Most female Bearded Dragons only lay eggs after mating with a male. However, this isn’t always the case. Female Bearded Dragons can also reproduce asexually without a male through a process known as parthenogenesis.
During this process, a female’s unfertilized eggs will begin to develop into embryos, even though they aren’t technically fertilized. The offspring will be exact copies of the mother, and they can develop into healthy, independent lizards under the right conditions.
In this way, a female kept in her enclosure alone can suddenly become pregnant and lay eggs that hatch.
It is important to note that parthenogenesis is relatively rare in Bearded Dragons and is not a reliable method of reproduction for breeders. Furthermore, parthenogenetic offspring may be more prone to certain genetic abnormalities, as they lack genetic diversity from a male parent.
Female Dragons can absolutely reproduce without a male partner. However, this isn’t encouraged or actively sought after.
Do Bearded Dragons Lay Unfertilized Eggs?
Bearded Dragons can lay unfertilized eggs if they haven’t mated with a male during a perceived mating season. Females will begin developing eggs before they mate. If the female never mates, she is stuck with eggs that are unfertilized. These cannot stay in her body, so she lays them, even though they will never hatch.
Usually, females can lay multiple clutches of unfertilized eggs throughout a mating season. This is most common in younger females and in conditions that are favorable for egg production.
With that said, laying many sets of eggs can deplete a female’s body and lead to calcium deficiency. Therefore, it’s important to provide the female with extra care and calcium during this period. Otherwise, she may develop bone problems. Don’t forget to provide a suitable nesting period, as well. While you may know that these eggs aren’t fertile, the female doesn’t. Therefore, she will try to lay them in the perfect spot.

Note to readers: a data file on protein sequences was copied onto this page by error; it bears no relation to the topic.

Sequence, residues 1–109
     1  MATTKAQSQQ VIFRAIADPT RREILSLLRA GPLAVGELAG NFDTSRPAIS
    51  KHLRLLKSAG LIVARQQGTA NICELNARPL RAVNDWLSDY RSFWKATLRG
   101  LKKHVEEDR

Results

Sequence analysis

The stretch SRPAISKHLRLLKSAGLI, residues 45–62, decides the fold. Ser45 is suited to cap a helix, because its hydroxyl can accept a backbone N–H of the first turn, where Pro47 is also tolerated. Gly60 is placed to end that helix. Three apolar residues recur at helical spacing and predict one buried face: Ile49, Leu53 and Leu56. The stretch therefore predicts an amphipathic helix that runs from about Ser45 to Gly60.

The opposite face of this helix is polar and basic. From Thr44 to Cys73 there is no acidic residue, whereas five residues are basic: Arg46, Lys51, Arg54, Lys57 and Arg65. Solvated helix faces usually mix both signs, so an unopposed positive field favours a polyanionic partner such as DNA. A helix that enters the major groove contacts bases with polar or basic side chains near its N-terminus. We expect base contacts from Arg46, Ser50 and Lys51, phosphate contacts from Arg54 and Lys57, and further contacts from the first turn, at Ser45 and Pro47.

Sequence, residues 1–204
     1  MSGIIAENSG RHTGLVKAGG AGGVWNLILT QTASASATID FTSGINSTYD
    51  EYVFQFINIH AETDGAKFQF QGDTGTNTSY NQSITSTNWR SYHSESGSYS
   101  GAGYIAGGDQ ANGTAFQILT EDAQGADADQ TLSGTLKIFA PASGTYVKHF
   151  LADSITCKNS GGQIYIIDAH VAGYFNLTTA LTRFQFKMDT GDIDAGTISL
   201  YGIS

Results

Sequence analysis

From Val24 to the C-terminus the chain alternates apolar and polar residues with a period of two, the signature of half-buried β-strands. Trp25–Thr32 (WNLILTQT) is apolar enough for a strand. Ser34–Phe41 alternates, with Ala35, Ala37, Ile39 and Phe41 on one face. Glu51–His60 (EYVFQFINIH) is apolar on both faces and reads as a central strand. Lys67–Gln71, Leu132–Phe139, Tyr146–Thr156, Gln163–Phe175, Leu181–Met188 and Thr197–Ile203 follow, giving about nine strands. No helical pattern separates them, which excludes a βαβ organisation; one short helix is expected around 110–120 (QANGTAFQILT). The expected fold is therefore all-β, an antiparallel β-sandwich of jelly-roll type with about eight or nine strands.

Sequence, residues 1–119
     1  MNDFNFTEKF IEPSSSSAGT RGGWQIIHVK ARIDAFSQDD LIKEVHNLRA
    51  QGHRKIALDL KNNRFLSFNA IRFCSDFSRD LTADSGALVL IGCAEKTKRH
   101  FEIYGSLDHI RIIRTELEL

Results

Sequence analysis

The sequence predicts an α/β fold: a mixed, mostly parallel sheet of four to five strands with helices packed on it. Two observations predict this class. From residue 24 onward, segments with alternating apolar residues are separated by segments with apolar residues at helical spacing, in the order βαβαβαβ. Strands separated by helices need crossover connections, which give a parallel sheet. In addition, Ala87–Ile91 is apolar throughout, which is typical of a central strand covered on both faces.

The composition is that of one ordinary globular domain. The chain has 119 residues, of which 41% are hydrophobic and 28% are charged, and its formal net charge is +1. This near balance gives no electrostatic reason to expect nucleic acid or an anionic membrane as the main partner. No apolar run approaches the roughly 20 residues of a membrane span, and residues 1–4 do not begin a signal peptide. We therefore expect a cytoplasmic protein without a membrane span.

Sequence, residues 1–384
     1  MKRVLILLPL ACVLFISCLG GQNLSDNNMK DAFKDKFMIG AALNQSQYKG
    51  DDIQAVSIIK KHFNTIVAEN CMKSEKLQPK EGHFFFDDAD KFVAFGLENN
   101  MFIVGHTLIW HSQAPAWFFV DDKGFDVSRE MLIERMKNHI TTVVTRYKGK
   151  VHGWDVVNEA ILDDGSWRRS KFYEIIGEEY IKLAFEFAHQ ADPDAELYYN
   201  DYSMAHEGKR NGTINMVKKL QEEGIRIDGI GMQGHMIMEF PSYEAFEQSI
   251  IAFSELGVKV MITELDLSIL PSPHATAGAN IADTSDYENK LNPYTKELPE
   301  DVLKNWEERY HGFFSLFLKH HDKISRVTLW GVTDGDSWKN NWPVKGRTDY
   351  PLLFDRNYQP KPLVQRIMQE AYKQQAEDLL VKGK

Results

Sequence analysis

Laying many clutches of eggs can also be a sign of an underlying health condition or stress. Improper enclosure setups can lead to stress and may make the female spread out her clutches. Always speak to your vet if you have questions about your Bearded Dragon’s egg-laying behavior.
Bearded Dragons do not experience traditional pregnancy as mammals do, since they are reptiles and not mammals. Instead, they lay eggs, as is typical for all lizard species. The female Bearded Dragon undergoes a period of 3–4 weeks after mating before laying her eggs. During this period, she is called “gravid,” which is basically the reptile term for “pregnant.”
The number of eggs laid at once can range from one to 30, depending on the size and age of the female. The eggs are not incubated inside the female’s body; rather, they are laid outside and develop in the surrounding environment. The female does not sit on the eggs, as is the case with birds.
The temperature and humidity of the environment play a crucial role in the maturation rate of the eggs. Warmer temperatures generally result in faster development of the babies inside their eggs. The eggs usually take about 2 months to hatch, though certain environmental factors can postpone or postpone hatch dates.
Featured Image Credit: C. Nass, Shutterstock